Last Updated on May 6, 2015, by eNotes Editorial. Word Count: 497
Clara Isabel Alegría Vides was born in Estelí, Nicaragua, to a Salvadoran mother and a Nicaraguan father, but her family soon moved to Santa Ana, El Salvador, because of the political problems her father suffered as a Sandino sympathizer. In 1932, she witnessed the Matanza, in which more than thirty...
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Clara Isabel Alegría Vides was born in Estelí, Nicaragua, to a Salvadoran mother and a Nicaraguan father, but her family soon moved to Santa Ana, El Salvador, because of the political problems her father suffered as a Sandino sympathizer. In 1932, she witnessed the Matanza, in which more than thirty thousand peasants were slaughtered by government troops after a peaceful protest against the military dictatorship.
Alegría published her first poems in 1941. In 1943, she went to the United States to attend a girls’ school near New Orleans, Louisiana. She next attended George Washington University, where she met her husband, Flakoll, an American journalist from South Dakota who was studying for his master of arts degree. They married in December, 1947. In 1948, Alegría graduated with a bachelor’s degree in philosophy and letters. Later that same year, her first book of poetry, Anillo de silencio (ring of silence), was published in Mexico. She gave birth to a daughter, Maya, in Washington, D.C., in 1949, and twin daughters, Patricia and Karen, in Alexandria, Virginia, in 1950. In 1951, the family visited El Salvador briefly before moving to Mexico, where their circle included various writers and intellectuals, some living in exile like Alegría.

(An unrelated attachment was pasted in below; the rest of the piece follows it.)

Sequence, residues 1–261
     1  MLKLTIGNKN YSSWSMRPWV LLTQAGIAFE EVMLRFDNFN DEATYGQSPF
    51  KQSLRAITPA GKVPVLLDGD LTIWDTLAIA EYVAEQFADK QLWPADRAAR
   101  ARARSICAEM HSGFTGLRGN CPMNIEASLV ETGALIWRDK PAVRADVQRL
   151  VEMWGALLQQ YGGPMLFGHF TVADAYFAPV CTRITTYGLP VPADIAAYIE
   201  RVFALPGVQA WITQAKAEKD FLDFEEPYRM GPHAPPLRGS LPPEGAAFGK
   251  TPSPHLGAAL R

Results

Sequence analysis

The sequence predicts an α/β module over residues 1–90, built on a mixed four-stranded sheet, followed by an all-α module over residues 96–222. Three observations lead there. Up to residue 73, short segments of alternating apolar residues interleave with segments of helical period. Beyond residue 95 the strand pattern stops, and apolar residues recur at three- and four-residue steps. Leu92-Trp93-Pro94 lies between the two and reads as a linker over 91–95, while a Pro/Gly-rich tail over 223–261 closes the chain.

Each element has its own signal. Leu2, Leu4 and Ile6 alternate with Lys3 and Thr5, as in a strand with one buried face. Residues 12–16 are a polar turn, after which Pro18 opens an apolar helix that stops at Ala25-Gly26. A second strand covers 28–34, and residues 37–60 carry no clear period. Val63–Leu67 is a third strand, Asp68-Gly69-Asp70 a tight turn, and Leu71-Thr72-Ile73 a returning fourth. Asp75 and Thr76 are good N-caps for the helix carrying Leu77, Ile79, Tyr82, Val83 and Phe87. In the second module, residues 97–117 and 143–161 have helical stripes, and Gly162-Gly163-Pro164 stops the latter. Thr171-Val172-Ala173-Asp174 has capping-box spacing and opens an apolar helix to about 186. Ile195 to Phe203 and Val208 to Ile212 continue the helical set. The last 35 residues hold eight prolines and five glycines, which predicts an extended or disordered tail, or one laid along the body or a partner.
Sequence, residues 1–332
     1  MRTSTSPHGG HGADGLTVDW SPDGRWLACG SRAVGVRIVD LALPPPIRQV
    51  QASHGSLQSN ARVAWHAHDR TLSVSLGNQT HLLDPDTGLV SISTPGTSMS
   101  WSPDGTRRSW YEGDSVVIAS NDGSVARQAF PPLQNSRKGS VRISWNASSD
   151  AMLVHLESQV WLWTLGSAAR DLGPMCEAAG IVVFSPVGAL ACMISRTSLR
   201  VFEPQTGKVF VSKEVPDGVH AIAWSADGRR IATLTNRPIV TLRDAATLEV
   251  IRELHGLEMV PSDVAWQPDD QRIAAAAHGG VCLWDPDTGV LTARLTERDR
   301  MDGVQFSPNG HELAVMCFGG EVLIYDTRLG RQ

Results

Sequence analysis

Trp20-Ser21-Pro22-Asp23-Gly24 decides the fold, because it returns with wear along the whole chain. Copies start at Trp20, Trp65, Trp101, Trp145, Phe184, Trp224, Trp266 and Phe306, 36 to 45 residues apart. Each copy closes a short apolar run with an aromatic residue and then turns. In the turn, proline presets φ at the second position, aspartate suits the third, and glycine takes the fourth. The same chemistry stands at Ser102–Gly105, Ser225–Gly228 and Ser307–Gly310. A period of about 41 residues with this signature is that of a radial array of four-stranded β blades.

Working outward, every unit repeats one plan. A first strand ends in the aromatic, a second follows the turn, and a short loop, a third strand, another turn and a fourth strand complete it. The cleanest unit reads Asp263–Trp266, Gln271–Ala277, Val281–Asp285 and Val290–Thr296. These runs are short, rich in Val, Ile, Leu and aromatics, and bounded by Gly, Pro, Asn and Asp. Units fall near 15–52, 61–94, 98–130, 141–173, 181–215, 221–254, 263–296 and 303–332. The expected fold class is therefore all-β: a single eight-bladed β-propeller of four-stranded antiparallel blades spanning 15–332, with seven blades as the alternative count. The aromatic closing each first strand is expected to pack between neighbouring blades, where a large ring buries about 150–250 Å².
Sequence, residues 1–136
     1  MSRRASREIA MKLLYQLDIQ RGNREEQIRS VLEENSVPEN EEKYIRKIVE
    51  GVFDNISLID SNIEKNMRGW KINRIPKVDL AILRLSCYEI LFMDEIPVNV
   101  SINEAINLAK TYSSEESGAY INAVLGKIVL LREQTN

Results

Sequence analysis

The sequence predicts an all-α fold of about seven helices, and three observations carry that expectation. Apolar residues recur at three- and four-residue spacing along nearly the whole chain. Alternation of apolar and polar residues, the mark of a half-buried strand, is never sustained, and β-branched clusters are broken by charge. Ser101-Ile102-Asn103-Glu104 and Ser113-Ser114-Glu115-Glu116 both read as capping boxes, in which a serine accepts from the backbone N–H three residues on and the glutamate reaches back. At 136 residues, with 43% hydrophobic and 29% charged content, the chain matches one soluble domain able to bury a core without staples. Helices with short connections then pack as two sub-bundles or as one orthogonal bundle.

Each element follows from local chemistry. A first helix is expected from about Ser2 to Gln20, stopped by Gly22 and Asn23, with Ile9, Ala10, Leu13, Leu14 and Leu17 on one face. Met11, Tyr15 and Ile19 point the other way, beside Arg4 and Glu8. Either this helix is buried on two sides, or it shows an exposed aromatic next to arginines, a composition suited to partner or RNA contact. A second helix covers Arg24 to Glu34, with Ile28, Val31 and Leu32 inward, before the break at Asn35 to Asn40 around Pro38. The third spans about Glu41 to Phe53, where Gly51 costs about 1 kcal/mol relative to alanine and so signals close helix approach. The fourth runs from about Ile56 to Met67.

In 1953, the family moved to Santiago, Chile, where they lived for almost three years, to work on an anthology (and translation) of Latin American writers and poets, New Voices of Hispanic America, which introduced writers such as Juan Rulfo and Julio Cortázar, who would later be part of the “boom” in Latin American literature. Her son Erik was born in Santiago in 1954. In 1956, the family returned to the United States, where Flakoll applied to the U.S. Foreign Service. In 1958, he was appointed second secretary to the U.S. Embassy in Montevideo, Uruguay, and two years later, he was posted to Argentina. However, Flakoll became disillusioned by the world of politics and resigned from the Foreign Service. In 1962, Alegría and Flakoll moved to Paris, where they met many Latin American writers living in exile, including Carlos Fuentes, Mario Benedetti, and Mario Vargas Llosa. Alegría and Flakoll and worked on the first of many subsequent collaborations, producing her first novel, Ashes of Izalco, whose publication in Spain was delayed by censorship. In 1966, the family moved to Mallorca, where they lived for many years.
In 1979, after the Sandinistas overthrew the dictatorship of Anastasio Somosa in Nicaragua, Alegría and her husband went to Nicaragua to do research for a testimonial on the revolution. In 1980, a right-wing group assassinated outspoken human rights advocate and Roman Catholic archbishop Oscar Romero in El Salvador. Alegría gave a poetic eulogy for Romero at the Sorbonne in Paris. Her public criticism of Salvadoran government atrocities earned her a spot on a death list and made her a political exile from her adopted homeland. In 1983, Alegría and Flakoll moved permanently to Nicaragua. Flakoll died in 1995. Alegría remained in Nicaragua and has mentored numerous poets, including Gioconda Belli and Daisy Zamora.